The survey of likely Wisconsin voters found Johnson ahead with 50 percent of the vote, while Barnes earned 48 percent. The 2-point different is well within the poll’s margin of error of plus or minus 4.8 percentage points.
The results indicate Barnes may be gaining on Johnson among likely voters, as a previous survey from early October found the incumbent with a more comfortable 6-point lead, with 52 percent to the Democrat’s 46 percent.
Among the broader group of all voters, however, including those who say they plan to register, Johnson is up 3 points, 48 to 45, a shift in the Republican’s favor from the early October poll, which found the two candidates deadlocked at 47 percent each.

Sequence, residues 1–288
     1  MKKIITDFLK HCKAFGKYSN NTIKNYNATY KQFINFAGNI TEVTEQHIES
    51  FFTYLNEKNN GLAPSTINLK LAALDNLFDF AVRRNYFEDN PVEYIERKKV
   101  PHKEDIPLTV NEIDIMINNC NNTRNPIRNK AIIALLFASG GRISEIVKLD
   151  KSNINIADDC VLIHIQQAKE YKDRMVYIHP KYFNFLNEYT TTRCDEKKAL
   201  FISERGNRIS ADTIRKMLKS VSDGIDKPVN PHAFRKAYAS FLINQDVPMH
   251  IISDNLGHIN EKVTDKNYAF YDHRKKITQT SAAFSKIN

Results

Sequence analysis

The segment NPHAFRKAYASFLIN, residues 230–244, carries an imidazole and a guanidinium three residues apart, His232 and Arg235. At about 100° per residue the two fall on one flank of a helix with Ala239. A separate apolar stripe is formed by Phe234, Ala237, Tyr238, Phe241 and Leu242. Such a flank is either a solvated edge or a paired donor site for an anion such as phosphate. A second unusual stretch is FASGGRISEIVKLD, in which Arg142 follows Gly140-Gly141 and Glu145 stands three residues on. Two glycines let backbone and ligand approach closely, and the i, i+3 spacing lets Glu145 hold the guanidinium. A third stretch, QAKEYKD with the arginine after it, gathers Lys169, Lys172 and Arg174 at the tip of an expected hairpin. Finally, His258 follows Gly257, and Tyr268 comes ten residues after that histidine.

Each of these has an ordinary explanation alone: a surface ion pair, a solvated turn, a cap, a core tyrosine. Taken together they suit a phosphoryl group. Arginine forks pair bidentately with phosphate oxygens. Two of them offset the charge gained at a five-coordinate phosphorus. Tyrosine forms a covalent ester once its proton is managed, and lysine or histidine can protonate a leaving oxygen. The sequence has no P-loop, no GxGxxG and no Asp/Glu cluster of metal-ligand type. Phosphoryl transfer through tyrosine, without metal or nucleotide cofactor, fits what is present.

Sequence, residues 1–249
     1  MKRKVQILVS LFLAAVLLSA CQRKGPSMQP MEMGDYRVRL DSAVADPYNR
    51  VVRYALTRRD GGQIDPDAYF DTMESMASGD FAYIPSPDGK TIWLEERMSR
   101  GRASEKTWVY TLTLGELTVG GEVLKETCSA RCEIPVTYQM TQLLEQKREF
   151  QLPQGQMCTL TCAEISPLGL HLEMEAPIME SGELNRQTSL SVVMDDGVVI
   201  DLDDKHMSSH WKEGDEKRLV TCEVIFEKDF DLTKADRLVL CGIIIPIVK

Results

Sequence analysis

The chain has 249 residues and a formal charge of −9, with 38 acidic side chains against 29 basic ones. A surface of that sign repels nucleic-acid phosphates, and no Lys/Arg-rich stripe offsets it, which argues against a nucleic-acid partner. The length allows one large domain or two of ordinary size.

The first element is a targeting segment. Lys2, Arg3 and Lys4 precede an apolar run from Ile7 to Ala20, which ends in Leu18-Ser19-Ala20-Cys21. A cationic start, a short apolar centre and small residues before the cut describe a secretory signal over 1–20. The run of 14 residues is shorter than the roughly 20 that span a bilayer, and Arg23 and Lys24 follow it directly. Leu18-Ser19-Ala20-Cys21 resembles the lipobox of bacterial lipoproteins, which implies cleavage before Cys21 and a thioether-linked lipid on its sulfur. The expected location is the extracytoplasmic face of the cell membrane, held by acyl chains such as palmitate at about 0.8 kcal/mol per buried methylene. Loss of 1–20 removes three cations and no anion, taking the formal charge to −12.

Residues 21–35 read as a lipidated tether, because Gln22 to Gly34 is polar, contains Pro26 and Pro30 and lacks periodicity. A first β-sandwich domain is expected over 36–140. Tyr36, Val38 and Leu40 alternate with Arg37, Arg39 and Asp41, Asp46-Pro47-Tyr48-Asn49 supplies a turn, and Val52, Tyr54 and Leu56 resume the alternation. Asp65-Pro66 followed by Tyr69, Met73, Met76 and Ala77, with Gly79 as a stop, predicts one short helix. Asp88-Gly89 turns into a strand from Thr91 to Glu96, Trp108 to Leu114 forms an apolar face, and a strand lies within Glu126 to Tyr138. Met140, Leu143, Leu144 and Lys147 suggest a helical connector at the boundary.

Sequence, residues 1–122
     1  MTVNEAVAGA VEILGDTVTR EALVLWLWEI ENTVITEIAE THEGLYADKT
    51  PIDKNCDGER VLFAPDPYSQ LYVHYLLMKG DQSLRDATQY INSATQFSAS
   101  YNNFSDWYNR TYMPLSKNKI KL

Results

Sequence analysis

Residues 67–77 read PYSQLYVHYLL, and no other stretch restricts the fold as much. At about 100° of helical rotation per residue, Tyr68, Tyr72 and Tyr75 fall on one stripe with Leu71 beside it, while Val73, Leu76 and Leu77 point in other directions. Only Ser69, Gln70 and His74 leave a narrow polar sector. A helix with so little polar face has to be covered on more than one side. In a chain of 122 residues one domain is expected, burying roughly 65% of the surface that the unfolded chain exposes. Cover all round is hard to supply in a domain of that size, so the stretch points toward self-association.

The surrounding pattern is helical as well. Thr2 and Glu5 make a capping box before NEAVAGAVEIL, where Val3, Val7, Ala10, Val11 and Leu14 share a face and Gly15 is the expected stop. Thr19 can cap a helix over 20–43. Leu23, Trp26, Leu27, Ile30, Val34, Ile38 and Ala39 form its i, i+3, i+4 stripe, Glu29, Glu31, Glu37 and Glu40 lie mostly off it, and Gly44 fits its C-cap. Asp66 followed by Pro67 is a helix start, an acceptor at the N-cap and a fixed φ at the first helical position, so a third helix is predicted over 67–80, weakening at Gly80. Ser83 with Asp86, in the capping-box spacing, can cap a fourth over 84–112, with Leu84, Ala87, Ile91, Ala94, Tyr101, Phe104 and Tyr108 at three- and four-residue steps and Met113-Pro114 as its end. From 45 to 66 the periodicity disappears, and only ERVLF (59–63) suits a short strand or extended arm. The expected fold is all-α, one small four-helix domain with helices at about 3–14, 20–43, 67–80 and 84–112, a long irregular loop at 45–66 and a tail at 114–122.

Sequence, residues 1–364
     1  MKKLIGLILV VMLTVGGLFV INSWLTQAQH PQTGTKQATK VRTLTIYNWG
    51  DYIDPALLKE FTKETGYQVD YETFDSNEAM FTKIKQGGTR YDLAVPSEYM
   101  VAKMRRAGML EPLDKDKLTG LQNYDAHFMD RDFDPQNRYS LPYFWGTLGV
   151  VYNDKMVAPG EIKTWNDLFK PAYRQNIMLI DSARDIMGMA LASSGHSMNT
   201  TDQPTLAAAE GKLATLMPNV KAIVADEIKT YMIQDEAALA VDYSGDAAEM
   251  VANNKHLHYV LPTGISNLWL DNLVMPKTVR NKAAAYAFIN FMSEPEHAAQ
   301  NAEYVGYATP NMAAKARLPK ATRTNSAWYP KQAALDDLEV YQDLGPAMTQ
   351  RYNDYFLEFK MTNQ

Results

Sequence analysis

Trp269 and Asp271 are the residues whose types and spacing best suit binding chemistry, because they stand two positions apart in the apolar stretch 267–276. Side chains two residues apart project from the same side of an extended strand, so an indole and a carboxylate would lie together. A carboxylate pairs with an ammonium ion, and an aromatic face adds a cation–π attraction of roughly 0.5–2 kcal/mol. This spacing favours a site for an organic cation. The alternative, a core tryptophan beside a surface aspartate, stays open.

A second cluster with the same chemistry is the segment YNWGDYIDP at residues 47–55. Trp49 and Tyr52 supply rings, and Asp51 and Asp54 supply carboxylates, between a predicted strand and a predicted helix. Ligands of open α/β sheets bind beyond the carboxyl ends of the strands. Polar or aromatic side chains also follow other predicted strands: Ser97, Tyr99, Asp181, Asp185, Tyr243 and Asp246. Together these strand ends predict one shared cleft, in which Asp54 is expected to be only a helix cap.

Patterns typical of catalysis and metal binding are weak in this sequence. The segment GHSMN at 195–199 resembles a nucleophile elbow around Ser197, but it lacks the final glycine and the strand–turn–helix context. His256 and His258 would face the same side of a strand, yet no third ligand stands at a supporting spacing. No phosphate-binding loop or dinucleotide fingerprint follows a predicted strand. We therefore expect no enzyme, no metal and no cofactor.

As the close race barrels toward the midterms, less than a week away, both parties are fighting hard for a seat that could be crucial to control of the Senate.
Democrats are banking on being able to spur young voters to the polls to give Barnes a boost, despite concern among political handicappers that Johnson may clinch reelection.
The Marquette Law School poll was conducted Oct. 24 through Nov. 1 and surveyed 802 Wisconsin registered voters, 679 of which were likely voters, who are certain to vote or have already voted.